I find the soothing tactile-ness of this work almost therapeutic.  I feel every piece is taking shape almost on muscle memory alone, stitch after stitch.  Building this body of work feels both important and inspiring – this is a good place to be, mentally as well as professionally.

Happy holidays – see you all after Christmas.

Tiina x

Double Exposure

Almost two years ago now I was given a book of photography from the 70’s called Souvenirs.

My dad of all people had found it in the loft where he grew up, clearing away his dead mothers things alongside his siblings.  The mood was sombre and not very much was kept, but he did save this book for me.  Not as a reminder of my beloved mummu, but as something a visual artist could surely use.  “It is one of those artist things, you know… ehem… artistic stuff.” he said.  I thanked him and took this book, curious of its contents.  Upon first inspection it seemed to have a few female nudes, some overly sentimental images of the countryside, birds flying high in the sky and sandy beaches somewhere warm… the usual stuff.

Souvenirs book

I must confess, dear reader, that I was underwhelmed.

On the closer look, the book stand out from your standard kitsch and sentimental garbage.  The women in these images seemed unfeasibly young; lean and barely pubescent, depicted in various sexually suggestive poses and scenarios.  Some compositions were mimicking classical art (the reason my dad thought the book might be useful for a painter) where as others had a snap shot like feel to them, appearing sinister and almost voyeuristic.

I was not aware of it at the time but the esteemed photographer whose work I was studying with growing distain had just taken his own life following accusations of sexual abuse and rape from women he photographed, some as young as 13 when the abuse was alleged to have happened.  What I saw was enough for me to bury this book at the bottom of my wardrobe in disgust.  It took me some time to put a name in the face, but once I was aware who had taken these seedy snaps, I was further convinced this was not something I would like to look up to for inspiration regarding aesthetics, photography or anything.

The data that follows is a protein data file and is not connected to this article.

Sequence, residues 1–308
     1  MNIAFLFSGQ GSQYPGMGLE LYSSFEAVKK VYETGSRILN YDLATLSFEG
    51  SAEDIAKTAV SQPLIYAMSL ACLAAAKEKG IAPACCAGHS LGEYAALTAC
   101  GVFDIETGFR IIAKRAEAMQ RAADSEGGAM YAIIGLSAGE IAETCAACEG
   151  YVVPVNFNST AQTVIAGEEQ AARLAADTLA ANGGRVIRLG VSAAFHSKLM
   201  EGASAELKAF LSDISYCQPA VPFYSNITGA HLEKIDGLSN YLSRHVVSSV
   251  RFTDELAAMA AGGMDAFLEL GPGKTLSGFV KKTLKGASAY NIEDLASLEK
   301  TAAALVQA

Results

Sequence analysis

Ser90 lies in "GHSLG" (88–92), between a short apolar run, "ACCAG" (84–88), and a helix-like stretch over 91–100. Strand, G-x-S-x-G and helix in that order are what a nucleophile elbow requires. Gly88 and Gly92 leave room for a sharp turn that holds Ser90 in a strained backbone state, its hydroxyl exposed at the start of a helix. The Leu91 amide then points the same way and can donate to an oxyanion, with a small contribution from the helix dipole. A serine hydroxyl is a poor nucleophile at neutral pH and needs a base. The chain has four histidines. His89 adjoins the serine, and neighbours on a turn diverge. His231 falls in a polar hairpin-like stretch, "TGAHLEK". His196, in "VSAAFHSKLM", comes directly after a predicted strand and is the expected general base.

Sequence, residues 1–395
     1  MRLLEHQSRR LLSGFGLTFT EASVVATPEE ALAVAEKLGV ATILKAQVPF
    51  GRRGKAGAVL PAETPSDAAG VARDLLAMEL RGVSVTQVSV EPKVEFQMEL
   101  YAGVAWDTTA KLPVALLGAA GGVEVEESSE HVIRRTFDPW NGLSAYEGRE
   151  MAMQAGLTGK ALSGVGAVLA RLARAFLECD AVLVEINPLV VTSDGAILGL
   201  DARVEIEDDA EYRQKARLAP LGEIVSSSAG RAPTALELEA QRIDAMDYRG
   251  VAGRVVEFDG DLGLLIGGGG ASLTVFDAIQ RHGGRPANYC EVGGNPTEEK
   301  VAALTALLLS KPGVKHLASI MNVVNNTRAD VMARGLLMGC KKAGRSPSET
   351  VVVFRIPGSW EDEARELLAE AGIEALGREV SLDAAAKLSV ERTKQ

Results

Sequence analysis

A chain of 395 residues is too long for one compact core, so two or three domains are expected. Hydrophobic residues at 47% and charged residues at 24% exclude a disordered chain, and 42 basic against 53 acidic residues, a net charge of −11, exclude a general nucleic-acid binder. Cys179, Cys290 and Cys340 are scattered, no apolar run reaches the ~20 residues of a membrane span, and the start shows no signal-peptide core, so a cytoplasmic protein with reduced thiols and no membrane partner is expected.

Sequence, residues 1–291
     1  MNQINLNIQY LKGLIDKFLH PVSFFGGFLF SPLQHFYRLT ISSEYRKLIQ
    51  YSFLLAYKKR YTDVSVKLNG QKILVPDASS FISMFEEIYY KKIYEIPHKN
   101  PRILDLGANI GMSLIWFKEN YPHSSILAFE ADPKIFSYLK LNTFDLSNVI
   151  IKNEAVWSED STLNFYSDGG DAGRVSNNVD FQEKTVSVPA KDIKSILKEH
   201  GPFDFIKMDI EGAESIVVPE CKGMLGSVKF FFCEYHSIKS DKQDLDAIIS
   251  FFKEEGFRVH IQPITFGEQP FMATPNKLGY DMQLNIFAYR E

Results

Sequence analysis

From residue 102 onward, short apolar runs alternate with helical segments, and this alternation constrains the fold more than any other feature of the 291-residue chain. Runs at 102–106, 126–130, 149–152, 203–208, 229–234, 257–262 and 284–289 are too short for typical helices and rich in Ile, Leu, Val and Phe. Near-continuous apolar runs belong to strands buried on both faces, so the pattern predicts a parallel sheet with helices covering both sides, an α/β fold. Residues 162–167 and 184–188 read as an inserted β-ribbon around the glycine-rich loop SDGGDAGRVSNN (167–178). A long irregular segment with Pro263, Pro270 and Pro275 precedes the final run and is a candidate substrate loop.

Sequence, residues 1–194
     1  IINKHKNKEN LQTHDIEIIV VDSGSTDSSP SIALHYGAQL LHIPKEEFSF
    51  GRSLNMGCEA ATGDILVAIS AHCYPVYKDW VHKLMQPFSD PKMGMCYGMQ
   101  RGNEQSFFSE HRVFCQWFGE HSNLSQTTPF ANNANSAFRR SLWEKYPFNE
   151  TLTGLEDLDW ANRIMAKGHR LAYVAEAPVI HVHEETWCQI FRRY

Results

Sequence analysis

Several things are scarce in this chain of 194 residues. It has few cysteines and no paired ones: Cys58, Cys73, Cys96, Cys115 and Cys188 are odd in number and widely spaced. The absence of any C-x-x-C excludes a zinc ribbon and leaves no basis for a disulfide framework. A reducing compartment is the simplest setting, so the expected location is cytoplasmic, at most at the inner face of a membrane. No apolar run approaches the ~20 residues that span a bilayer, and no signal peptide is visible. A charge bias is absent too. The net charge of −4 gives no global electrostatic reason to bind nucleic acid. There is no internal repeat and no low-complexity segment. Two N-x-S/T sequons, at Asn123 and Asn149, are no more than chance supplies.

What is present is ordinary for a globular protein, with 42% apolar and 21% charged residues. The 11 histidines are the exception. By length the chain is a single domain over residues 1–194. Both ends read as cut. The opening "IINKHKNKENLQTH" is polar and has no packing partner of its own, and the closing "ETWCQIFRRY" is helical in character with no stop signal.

The name of this photographic artist is of no importance, although I am sure many of you know who I am talking about.  We spend way too much time focussed on (alleged) perpetrators in our society and not nearly enough time emphasising with the victims.  Following the #metoo campaign and other high profile sexual misconduct cases recently, an idea was brewing.  I was just getting back to work after a long medical leave following a stint of working with other projects and  I needed something to sink my teeth into.

And this is how I found myself reaching for the book that had been sitting at the bottom of my wardrobe for nearly two years.

To put it simply, I felt like engaging, politically.  To hang my colours to the mast, if you will.  My usual studio work is not overtly politically motivated – I see myself as a collector or a curator of visual information more than anything else, but Souvenirs and the way this book made me feel, had just made tipped me in the realm of feminist art.

I chose the medium of embroidery as it seemed suitably quaint and harmless – like some of the imagery found in the book; a bevy of swans or a sleepy village.  Not a context one would expect to find a vagina of a child.  Referring to a wider use of female nudity in visual art, historically a woman’s body on canvas is an invitation to look and a testament of the painters skill; an object.  It remains so in my work – I paint portrait of objects and this includes a large collection of auto portraits and portraits of other women, subjected to the same clinical gaze as a vase of flowers might.  Double Exposure is different.  I want it to invite you in and encourage you, dear reader, to question the motives of the artist, my motives, in creating this work.

My journey crafting this body of work is only beginning, but I know I must take care with it.  I need to get this one right.

The time is up.